In the middle of May, just about 6 weeks ago, the SQL Server BI team launched PowerPivot. This weekend, we have we passed an important milestone: 100,000 downloads of the Excel add-in. For a BI application, this really is a huge number. I guess it truly underscores something we have said all along: that PowerPivot is aimed at a much wider market than traditional BI. (As Amir Netz says, those who can spell Excel, but can't spell BI.) I blogged about this very topic recently when I asked Who is PowerPivot For?
For me, it simply reminds me of one of the reasons I love working at Microsoft; we are the only company who can bring analytics of this power to this size of audience. It's not that other companies don't do great work; I love what many of our partners and rivals are able to accomplish. Yet only at Microsoft can we impact so many people. It's a huge privilege, and I know from my own experience that none of us take it lightly.Of course, it is early days yet. There is a lot more to come. Some of you may be wondering if these 100,000 users already represent the bulk of those who may be interested? I can tell you that the download rate is increasing, and increasing rapidly.
For now, having passed this landmark, I think the team deserves to feel quite satisfied with the early reaction. It promises to be an exciting year!
You've probably seen some press lately about how pervasive Microsoft is in lots of areas (here, here and here). We've also seen SQL Server show up in more and more enterprises - you can read lots of case studies here. There are lots of reasons that you're seeing SQL Server numbers grow - we're less expensive than other offerings, have a pretty good track record and a great toolset to monitor and manage the system. We've also got good support, a well-established repuation in large enterprises and all the way down to small businesses, but there's one factor that I'm seeing make a difference. It's our community.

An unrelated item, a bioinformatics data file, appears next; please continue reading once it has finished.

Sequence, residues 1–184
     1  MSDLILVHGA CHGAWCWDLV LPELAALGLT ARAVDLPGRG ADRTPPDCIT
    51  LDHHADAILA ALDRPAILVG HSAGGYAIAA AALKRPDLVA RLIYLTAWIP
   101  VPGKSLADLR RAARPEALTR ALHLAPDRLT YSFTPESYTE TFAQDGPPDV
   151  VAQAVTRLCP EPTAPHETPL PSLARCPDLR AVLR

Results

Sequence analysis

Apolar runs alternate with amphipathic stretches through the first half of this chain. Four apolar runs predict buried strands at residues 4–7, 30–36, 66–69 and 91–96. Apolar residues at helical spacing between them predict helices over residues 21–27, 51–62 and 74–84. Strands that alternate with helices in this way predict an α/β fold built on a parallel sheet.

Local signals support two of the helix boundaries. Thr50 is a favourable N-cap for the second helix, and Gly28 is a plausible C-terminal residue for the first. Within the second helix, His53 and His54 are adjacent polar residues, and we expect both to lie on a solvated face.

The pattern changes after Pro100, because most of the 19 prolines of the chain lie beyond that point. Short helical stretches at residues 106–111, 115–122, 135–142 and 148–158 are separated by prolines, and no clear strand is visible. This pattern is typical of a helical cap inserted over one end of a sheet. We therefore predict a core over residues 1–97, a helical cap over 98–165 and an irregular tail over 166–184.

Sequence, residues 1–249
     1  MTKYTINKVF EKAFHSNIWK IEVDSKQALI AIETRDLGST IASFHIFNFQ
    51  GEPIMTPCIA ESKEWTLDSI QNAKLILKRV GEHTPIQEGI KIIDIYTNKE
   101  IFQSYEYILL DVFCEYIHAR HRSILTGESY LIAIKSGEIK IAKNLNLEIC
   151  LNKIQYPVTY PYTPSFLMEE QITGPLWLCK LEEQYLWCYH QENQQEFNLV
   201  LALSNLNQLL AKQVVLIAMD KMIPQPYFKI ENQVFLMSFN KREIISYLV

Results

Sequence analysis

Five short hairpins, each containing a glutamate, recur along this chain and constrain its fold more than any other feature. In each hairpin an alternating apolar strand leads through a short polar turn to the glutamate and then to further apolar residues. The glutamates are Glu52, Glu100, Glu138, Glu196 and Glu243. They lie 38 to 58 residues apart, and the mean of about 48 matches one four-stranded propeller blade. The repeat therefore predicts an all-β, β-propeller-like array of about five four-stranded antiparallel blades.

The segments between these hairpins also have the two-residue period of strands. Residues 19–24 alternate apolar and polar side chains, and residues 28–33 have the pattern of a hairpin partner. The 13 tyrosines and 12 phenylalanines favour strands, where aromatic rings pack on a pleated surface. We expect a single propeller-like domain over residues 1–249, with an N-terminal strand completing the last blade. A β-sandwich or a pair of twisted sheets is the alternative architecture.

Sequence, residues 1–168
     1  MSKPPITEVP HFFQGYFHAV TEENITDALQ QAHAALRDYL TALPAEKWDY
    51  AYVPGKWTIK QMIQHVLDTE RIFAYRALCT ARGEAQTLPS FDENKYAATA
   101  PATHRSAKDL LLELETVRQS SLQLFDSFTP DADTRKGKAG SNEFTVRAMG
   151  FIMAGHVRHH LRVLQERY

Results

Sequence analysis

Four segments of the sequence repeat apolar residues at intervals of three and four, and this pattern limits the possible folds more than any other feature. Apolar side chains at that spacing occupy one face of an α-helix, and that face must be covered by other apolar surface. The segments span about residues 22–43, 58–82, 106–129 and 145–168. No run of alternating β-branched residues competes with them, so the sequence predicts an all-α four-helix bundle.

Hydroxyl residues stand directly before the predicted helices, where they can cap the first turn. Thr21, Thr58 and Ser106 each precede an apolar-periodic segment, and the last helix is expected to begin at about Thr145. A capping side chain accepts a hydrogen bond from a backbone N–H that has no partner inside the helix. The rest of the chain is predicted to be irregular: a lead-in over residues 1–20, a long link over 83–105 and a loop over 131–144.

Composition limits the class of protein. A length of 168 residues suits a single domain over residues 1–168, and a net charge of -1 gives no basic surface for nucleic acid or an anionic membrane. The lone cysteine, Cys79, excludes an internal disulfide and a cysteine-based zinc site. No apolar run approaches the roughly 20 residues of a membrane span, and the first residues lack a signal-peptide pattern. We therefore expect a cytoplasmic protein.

I've used lots of software over the years (I'm really old) and I've seen lots of community efforts. Open-Source does a great job of keeping people in contact with each other, as do a few other vendors. But I see a LOT of community for SQL Server - people of all levels of skill, all around the world, in multiple industries helping each other out, freely and willingly. Thomas LaRock (SQL Server MVP) recently blogged about this phenomena as well.
I think community makes a difference - if we (Microsoft as a company) listen. And I think we do. I know the folks I deal with constantly monitor social networking sites, blogs, press reports and other sources for a mention of their product area. When they see someone struggling with a feature, they really take that to heart. No, we don't base every product decision on a sampling of people talking, but we sure do listen to what they are talking about.
If you're not connecting with the SQL Server community through social networks, blogs, user groups, SQL Saturdays, PASS or any number of other sources, you're missing out. There's lots of folks out there willing to help - and happy to do it.